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One of the best ways to lower the cost of a trip is to use travel points earned through credit cards. Fortunately, one of our favorite Citi credit cards — the Citi Premier® Card — is currently offering a record-high 80,000 bonus points after you spend $4,000 on the card within the first three months after opening the account.
You could redeem those Citi ThankYou points for gift cards or through the Citi travel portal and get 1 cent apiece for them, making the 80,000 bonus points worth $800. But there are ways to get even more value for them by transferring them to some of Citi’s 16 partner airlines. While this takes a little extra time and work, it’s well worth it and will help you book your next trip at a significantly lower cost.
Not sure where to start? Here are my five personal favorite ways to spend 80,000 points from the Citi Premier card on flights to destinations around the world.
1. Take advantage of the limited-time American Airlines partnership to fly to Japan
Citi recently announced a temporary transfer partnership with American Airlines that’s available through Nov. 13, 2021. This means if you act fast, the 80,000 bonus points earned from the Citi Premier sign-up offer can turn into 80,000 miles in your American Airlines AAdvantage account. And if you’re familiar with American’s program, you already know it’s a great way to get awards on American flights, or more often, on American’s partners.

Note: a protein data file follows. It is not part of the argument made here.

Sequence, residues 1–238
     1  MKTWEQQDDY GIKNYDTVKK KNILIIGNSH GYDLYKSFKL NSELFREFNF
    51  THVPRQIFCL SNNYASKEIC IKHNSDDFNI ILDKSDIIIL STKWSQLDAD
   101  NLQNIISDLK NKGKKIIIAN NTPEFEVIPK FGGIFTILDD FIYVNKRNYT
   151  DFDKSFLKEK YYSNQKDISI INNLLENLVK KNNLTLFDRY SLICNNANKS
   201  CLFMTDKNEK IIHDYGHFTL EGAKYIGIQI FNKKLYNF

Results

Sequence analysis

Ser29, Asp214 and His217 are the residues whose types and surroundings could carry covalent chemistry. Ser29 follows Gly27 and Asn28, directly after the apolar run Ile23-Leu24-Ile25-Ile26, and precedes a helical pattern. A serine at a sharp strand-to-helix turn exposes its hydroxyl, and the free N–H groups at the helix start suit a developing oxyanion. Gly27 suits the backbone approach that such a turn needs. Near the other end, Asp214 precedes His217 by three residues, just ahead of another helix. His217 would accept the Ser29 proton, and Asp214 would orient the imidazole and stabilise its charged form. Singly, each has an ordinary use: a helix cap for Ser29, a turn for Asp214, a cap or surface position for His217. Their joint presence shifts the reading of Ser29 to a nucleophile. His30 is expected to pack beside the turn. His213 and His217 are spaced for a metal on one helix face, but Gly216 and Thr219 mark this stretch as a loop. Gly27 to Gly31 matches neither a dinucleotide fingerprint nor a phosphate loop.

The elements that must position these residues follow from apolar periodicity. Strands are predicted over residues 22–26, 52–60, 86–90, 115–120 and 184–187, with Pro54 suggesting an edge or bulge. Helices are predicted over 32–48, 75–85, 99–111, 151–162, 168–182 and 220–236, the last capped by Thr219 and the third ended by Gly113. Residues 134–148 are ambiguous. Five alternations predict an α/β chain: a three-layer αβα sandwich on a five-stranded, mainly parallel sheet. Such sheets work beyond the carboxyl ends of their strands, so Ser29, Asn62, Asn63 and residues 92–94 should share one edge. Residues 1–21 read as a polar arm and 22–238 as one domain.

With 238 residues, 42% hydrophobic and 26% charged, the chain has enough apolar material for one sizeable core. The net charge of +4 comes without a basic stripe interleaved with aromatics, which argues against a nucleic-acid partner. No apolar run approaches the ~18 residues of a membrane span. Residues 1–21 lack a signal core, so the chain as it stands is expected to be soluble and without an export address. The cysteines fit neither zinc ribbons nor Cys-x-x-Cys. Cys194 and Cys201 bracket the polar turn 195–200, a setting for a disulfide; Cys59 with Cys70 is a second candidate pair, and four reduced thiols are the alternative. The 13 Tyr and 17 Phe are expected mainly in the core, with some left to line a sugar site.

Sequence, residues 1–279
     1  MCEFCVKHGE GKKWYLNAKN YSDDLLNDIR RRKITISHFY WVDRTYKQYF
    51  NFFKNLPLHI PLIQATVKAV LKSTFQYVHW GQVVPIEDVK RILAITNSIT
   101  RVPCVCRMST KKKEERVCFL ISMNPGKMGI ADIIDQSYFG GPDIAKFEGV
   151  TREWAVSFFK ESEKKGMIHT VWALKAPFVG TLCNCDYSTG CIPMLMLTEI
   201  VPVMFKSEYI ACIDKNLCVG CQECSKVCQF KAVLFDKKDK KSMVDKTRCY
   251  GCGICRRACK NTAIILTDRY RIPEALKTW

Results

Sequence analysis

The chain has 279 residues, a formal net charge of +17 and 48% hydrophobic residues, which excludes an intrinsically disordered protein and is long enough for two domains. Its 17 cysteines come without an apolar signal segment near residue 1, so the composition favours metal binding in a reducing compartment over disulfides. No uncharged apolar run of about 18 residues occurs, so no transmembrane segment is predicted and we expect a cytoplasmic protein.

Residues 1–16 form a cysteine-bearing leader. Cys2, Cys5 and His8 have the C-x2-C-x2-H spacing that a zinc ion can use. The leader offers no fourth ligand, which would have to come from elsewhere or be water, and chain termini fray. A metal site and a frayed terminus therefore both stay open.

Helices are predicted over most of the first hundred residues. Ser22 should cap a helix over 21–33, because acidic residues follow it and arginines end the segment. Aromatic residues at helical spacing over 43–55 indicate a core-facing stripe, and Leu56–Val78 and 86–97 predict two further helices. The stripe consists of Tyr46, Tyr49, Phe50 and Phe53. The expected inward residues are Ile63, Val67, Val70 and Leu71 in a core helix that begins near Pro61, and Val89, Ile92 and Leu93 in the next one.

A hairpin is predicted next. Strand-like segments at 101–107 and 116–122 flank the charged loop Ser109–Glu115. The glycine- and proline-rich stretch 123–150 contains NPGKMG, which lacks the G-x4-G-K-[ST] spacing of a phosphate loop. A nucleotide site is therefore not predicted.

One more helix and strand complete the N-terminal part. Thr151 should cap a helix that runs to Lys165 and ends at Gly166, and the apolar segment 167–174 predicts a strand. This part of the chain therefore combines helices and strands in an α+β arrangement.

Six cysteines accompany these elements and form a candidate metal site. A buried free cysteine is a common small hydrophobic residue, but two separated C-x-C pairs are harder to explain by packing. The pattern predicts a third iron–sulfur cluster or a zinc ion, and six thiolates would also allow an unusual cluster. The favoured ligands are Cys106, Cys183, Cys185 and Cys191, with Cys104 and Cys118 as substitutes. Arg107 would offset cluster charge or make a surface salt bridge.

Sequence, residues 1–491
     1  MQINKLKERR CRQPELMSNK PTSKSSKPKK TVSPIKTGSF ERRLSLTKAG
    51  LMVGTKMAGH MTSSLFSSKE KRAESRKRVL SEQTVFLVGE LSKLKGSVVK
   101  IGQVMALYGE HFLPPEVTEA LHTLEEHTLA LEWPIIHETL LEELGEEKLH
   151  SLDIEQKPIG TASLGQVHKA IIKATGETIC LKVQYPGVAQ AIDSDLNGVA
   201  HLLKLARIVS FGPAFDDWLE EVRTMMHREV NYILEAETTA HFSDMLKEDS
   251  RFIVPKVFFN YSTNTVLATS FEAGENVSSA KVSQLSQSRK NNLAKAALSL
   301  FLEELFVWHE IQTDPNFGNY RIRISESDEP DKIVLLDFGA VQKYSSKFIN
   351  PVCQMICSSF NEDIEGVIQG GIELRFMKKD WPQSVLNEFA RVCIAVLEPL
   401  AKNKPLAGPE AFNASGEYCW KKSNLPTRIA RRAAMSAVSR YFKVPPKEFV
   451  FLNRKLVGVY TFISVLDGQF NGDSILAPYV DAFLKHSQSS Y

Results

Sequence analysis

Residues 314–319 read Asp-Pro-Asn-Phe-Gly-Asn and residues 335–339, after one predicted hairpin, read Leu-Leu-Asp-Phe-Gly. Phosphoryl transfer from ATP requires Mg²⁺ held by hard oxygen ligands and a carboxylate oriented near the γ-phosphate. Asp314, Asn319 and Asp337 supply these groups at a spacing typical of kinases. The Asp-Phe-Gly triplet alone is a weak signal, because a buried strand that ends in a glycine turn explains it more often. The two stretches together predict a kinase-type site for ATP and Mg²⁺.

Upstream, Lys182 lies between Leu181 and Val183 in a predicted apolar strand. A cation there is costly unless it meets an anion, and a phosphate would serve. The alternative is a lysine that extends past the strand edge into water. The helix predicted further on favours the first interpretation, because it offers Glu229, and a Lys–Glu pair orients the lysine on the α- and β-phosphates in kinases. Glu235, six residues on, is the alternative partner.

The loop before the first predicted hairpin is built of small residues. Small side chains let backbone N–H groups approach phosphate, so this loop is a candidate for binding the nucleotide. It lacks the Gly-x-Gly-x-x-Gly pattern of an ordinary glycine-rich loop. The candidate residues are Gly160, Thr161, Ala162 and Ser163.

If you’re looking to literally travel around the world, you can use American Airlines miles to fly to Tokyo on Japan Airlines, one of American’s partners. These flights can be booked one-way from the US at an incredibly reasonable 35,000 miles for economy, 60,000 miles in business class or 80,000 miles in first class.
Assuming you’re comfortable sitting in coach for that long, at just 70,000 miles round trip, the sign-up bonus on the Citi Premier card is enough points all on its own to book this trip. And best of all, the taxes and fees on this award are incredibly low, as low as $60 when flying from Boston to Tokyo.
Of course, Japan isn’t open to American tourists right now, so if you want to travel soon instead of booking a future trip, you can also use American miles to fly throughout the United States or even to the Caribbean. By booking early and having some flexibility, I was able to secure nonstop round-trip flights for my family of four from the US to Grand Cayman at just 25,000 miles apiece.
2. Transfer Citi ThankYou points to JetBlue
When it comes to using frequent flyer points, JetBlue is one of the easiest programs to use, as there’s never any blackout dates or issues with award availability. If there’s a seat available for sale on a JetBlue flight, you can always use JetBlue points to book it. You can even use your points to fly in a JetBlue Mint seat and experience a great domestic first-class experience.